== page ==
Hoka Cielo X1 VS Clifton 9: What Should I Buy?

If you’re a runner looking for your next pair of shoes, you may be trying to decide between the Hoka Cielo X1 and the Hoka Clifton 9. Both shoes are made by the popular running brand Hoka One One and offer responsive cushioning in a lightweight package. However, there are some key differences between the two models.

This in-depth comparison examines all the details of the Hoka Cielo X1 and Clifton 9, including specs, features, performance, and overall value. Read on to find out which Hoka shoe is better for your running needs.

Similarities And Differences Between Hoka Clifton 9 And Cielo X1:

FeatureHoka Cielo X1Hoka Clifton 9
Launched In20242023
Weight9.3 oz (men’s size 10)9.5 oz (men’s size 9), 8.8 oz (women’s size 8)
CushionFirm, responsiveSoft, plush
MidsoleCarbon fiber plate, rockered EVA foamCMEVA foam
UpperEngineered meshEngineered mesh
Retail Price$275$145

Features Comparison:


The Hoka Cielo X1 uses a breathable engineered mesh for the upper with strategic overlays for structure and support. The midsole combines a carbon fiber plate with rockered EVA foam for energetic propulsion through your stride. The rubber outsole is designed for durability and traction.

Hoka Cielo X1

Clifton 9

The Hoka Clifton 9 also uses an engineered mesh upper and rubber outsole, but the similarities end there. This shoe has a softer CMEVA foam midsole that provides plush cushioning for comfort. The materials are focused more on delivering a smooth, well-cushioned ride.


Testers found that both the Cielo X1 and Clifton 9 are durable shoes that can handle hundreds of miles of running. The rubber outsoles are abrasion-resistant in high-wear areas and help protect the cushioning foams beneath. The engineered mesh uppers maintain their structural integrity well over time and mileage.

Of the two, the Clifton 9 may have a slight edge in longevity. The softer midsole foam does not pack out or crease as quickly as the firmer foam in the Cielo X1. However, both are well-made shoes that resist breakdown from typical use.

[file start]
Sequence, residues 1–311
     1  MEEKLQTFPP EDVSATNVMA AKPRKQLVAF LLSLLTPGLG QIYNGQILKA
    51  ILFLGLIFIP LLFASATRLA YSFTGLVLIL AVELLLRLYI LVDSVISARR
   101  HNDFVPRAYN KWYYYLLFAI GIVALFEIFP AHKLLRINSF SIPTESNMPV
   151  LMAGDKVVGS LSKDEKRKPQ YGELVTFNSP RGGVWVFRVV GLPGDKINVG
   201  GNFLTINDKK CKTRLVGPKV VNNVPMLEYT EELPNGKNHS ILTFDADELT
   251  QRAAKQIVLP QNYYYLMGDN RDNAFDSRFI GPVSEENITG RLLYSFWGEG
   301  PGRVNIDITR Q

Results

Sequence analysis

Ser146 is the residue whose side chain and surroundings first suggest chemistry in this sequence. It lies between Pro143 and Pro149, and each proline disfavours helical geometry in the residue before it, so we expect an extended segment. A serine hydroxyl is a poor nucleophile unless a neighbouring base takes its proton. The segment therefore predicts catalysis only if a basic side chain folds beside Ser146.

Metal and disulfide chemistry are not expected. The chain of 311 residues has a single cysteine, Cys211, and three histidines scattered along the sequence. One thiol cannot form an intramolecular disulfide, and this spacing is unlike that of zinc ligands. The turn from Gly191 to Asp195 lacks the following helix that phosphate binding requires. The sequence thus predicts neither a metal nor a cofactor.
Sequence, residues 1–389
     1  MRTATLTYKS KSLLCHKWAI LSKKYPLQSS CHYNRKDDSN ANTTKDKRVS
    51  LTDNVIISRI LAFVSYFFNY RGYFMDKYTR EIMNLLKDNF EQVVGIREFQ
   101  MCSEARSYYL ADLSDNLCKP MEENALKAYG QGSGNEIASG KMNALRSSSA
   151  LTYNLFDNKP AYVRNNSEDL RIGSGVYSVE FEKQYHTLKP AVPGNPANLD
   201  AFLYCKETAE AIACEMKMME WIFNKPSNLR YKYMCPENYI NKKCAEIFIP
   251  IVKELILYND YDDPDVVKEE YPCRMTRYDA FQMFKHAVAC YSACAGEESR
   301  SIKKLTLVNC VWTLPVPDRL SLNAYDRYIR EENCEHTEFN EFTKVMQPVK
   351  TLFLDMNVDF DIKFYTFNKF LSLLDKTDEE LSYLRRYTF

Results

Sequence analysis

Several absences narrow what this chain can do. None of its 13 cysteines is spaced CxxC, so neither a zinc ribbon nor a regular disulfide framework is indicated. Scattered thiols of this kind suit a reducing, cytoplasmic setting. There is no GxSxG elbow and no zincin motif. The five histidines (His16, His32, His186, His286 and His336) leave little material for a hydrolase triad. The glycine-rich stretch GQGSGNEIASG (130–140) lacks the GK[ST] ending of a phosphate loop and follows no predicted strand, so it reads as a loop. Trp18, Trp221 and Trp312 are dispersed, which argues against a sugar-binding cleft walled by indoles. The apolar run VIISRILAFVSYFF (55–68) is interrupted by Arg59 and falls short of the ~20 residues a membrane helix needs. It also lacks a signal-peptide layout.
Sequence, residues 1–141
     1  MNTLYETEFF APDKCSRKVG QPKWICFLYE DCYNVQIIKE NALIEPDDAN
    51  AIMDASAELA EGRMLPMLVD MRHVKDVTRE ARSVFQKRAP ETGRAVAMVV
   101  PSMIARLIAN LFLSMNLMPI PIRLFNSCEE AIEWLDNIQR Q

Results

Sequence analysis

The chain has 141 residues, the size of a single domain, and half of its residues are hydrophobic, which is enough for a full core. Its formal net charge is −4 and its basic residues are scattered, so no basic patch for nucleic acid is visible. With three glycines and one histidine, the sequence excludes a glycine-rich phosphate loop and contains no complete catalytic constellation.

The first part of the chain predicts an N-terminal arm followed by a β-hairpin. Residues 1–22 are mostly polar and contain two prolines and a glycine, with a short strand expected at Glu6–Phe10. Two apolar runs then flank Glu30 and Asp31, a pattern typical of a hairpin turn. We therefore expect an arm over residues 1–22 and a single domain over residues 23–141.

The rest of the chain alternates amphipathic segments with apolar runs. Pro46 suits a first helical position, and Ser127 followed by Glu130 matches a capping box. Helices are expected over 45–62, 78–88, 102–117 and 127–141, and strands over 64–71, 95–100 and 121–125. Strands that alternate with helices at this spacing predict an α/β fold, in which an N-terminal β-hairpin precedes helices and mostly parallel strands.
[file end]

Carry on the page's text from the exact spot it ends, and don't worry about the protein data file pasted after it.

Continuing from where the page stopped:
The Hoka Cielo X1 fits true to size for most runners, but the snug upper may require some break-in time. The sleek design hugs the midfoot and heel securely.

Hoka Cielo X1 TOP VIEW

Clifton 9 Top View

The Clifton 9 runs slightly narrow, especially in the toe box area. Trying both options on in-store is recommended to find the best fit. Those with wider feet may prefer the roomier toe box of the Cielo X1.


With their neutral platforms and moderate midsole heights, neither shoe provides inherent stability features. However, the close-wrapping upper of the Cielo X1 gives it a more locked-in feel for desired support. For those needing some guidance, the Clifton 9 is the better choice of the two.


The biggest difference between these two shoes is the cushioning. The Hoka Cielo X1 uses firmer, responsive foam paired with a carbon fiber plate for energy return. The ride feels fast and snappy but not overly soft.

In contrast, the Clifton 9 focuses solely on delivering ultra-plush cushioning. The soft CMEVA foam absorbs impact comfortably and conforms to your foot. This shoe offers more all-day wearability for those wanting pillow-like comfort.